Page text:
Re: Swap shops or reuse sheds
I was born in 1926 and the great depression hit in 1929. In the west, Montana, for me homesteads were sold to people for $5 for 160 acres or 1/4 section of land at 648 acres per section. Many desperate people jumped at the chance to own 160 acres of land none realizing that in the western area often 2000 acres could barely sustain a ranch.
So many people moved with all their belongings, in my case we left Montana, and taking little what they had brought with them because of financial difficulties.
In those days our garbage was burned in our backyards in burn dumps, no such thing as garbage dumps.
So when people left behind their burn dumps they were often picked through by people like us and our neighbours for useful items. Coffee pots, pots and pans, occasional pieces of silverware, lots of brass (best for resale), tin, aluminum and copper, nowadays so valuable. Many items and it all helped to get a little money for an expanding family. Very few clothes were usable or shoes. Separate trips just to salvage for bones. Bones used for fertilizer. Not to mention all this was done with horse and wagon. In the badlands of southeastern Montana to North Dakota.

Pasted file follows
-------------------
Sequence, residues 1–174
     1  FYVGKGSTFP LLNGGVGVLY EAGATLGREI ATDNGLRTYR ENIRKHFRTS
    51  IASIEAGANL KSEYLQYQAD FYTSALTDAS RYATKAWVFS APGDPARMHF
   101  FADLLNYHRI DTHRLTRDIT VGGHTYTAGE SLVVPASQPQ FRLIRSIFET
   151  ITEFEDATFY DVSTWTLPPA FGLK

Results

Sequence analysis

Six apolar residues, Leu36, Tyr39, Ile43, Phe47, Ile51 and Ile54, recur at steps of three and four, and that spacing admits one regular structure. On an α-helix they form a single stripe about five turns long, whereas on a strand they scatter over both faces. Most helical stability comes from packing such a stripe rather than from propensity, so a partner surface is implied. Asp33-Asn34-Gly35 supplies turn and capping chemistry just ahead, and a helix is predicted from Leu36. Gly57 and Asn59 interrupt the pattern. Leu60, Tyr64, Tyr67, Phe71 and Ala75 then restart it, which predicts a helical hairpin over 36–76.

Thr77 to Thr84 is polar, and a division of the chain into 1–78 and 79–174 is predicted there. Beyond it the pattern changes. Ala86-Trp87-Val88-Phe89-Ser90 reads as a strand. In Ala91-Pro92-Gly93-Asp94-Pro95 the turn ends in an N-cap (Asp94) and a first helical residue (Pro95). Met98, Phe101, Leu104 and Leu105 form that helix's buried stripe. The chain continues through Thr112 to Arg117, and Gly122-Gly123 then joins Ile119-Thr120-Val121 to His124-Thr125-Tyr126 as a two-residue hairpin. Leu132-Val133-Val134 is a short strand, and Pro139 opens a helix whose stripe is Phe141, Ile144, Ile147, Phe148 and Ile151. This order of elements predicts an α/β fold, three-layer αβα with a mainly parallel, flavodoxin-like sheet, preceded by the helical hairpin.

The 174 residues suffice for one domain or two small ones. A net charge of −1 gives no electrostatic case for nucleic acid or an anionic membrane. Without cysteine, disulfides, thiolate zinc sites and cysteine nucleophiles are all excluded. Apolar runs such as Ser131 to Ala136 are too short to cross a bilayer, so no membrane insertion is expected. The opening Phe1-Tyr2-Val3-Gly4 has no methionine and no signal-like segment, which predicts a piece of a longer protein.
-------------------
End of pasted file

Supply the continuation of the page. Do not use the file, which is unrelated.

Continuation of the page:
My point to all of this is that the swap shops or reuse sheds, I think have been great for more than one reason. They are like free second hand stores, ecologically useful for environmental reasons, simple pleasure in looking for treasures especially for me …books, but also clothing, utensils – so many things.
To end this litany I hope swap shops last and people learn to keep order so as to preserve this great idea. My hat’s off to Walter Reedy, our Southside swap shop manager, a very sensible man. I would also like to say that I would volunteer some hours in keeping our swap shop neat and tidy.